May 26, 2012

Discounts Apple Magic Mouse


Average Apple Magic Mouse Rating :
Rating: 3.7

  • Laser technology delivers 20 times the performance of standard optical tracking
  • Miniature sensors detect even the slightest movement
  • Top-shell design matches other Apple products
  • Bluetooth technology and Touch-sensitive technology

List Price : $69.99 Price : $66.99
Cheap Apple Magic Mouse

Product Description

It began with iPhone. Then came iPod touch. Then MacBook Pro. Intuitive, smart, dynamic. Multi-Touch technology introduced a remarkably better way to interact with your portable devices - all using gestures. Now we've reached another milestone by bringing gestures to the desktop with a mouse that's unlike anything ever before. It's called Magic Mouse. It's the world's first Multi-Touch mouse. And while it comes standard with every new iMac, you can also add it to any Bluetooth-enabled Mac for a Multi-Touch makeover.



Apple Magic Mouse Reviews


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Customer Reviews
Average Customer Review
650 Reviews
5 star:
 (296)
4 star:
 (113)
3 star:
 (78)
2 star:
 (79)
1 star:
 (84)
 
 
 

470 of 486 people found the following review helpful
4.0 out of 5 stars An attempt at an objective review, November 14, 2009
By 
CK (Los Angeles, CA, USA) - See all my reviews
Amazon Verified Purchase( What's this?)
This review is from: Apple Magic Mouse (Personal Computers)
Okay, I will say I'm very partial to this mouse, but I'm going to try and write an objective review here for kicks. I'm going to break this down into topical sections for easy digestion.

=== Tracking ===
Tracking is, surprisingly for a Bluetooth mouse, superbly smooth in everyday use. (I'm not an FPS gamer, so I can't comment on the performance for twitch gaming.) Pointer movement is very smooth and consistent, as with the best corded and non-BT cordless mice. Also, in my tests, the mouse tracked perfectly on a white laminate table and a brushed aluminum table -- both difficult surfaces for many laser and optical mice.

Many reviewers have complained that the tracking is too slow, even at the highest speed setting. Although I haven't experienced this problem, I believe it is real for those people; but I think it must be a problem that is specific to their particular software and/or hardware environment, by no means a universal problem. (The Magic Mice at the... Read more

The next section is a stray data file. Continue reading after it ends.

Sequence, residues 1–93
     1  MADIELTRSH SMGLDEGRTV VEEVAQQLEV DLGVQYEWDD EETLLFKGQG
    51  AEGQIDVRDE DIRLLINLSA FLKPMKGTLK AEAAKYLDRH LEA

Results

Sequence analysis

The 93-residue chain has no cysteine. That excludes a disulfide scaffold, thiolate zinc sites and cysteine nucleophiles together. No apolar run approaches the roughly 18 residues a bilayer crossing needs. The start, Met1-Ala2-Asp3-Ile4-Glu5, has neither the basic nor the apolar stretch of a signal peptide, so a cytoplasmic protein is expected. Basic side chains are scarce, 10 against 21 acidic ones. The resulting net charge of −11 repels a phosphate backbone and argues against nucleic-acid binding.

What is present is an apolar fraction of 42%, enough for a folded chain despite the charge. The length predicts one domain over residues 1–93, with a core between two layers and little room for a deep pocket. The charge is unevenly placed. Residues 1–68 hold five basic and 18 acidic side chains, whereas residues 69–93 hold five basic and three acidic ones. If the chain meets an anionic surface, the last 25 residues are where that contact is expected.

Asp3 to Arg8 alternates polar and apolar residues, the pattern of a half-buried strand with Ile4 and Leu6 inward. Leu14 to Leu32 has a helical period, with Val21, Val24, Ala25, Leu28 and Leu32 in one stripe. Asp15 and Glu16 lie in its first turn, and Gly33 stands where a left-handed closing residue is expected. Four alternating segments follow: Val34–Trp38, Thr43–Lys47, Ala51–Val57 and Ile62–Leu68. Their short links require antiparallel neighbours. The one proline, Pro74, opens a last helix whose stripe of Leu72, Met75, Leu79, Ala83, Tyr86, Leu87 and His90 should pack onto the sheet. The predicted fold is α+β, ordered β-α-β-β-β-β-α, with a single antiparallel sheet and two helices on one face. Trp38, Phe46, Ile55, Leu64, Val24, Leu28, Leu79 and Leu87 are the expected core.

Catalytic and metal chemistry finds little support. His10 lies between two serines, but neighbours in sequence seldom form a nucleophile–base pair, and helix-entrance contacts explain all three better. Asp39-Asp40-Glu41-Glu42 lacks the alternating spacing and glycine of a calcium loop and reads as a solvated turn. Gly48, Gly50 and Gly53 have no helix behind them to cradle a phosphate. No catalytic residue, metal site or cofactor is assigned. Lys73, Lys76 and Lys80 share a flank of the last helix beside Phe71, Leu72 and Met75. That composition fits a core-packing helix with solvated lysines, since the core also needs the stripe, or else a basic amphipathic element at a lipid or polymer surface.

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122 of 136 people found the following review helpful
3.0 out of 5 stars It's an OK mouse, November 25, 2009
Amazon Verified Purchase( What's this?)
This review is from: Apple Magic Mouse (Personal Computers)
After having this for a few weeks now and the novelty of it has worn off I can say it's an OK mouse. Not great, just OK. The scrolling action on it just rules. I keep using it just for that. There is a hack to make the momentum scrolling work in 10.5, do a quick google search and you can find it. The bluetooth does have quirks. Sometimes the mouse will just disconnect and I have to turn it off and back on to continue using it. The overall feel of mouse is odd. It is really low and it just never feels right in the hand. Also, it does require a lot of pressure to click. I'm used to barely clicking and you gotta push this down with some authority. It's not a gaming mouse by any means. I'm going to keep using this until I can find something that fits my hand better.
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50 of 58 people found the following review helpful
1.0 out of 5 stars Engineer is very dissatisfied with the Magic Mouse, January 23, 2010
By 
S. C. (Ann Arbor, MI United States) - See all my reviews
This review is from: Apple Magic Mouse (Personal Computers)
The mouse is not comfortable and misinterprets clicks, which is likely caused by the sensing technology used.

From my work as a sensor engineer, I'm assuming that Apple decided to go with a capacitive sensor. A capacitive sensor determines the location of your fingers by measuring the change in the electric field produced by your fingers. Since the capacitive sensor's signal isn't based on you actually touching the mouse, this means it can get confused quite easily.

Technical jargon aside, I normally have both my index and my middle finger resting on a mouse's surface, so I don't have to keep holding them up in the air. (If you spend any appreciable amount of time on the computer, your wrists are going to get sore.) For example, if I have both fingers resting on the mouse's surface, and I click the 'left mouse button,' the Magic Mouse assumes that I wanted to click both the 'left mouse button' and the 'right mouse button' at the same time. It happens ALL THE... Read more
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